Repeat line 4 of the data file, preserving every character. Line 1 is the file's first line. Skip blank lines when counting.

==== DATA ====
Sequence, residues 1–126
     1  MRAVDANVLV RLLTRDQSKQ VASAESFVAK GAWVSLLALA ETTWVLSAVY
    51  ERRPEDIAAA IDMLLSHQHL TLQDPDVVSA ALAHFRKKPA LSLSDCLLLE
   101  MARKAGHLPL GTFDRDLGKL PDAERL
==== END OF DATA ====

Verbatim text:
   101  MARKAGHLPL GTFDRDLGKL PDAERL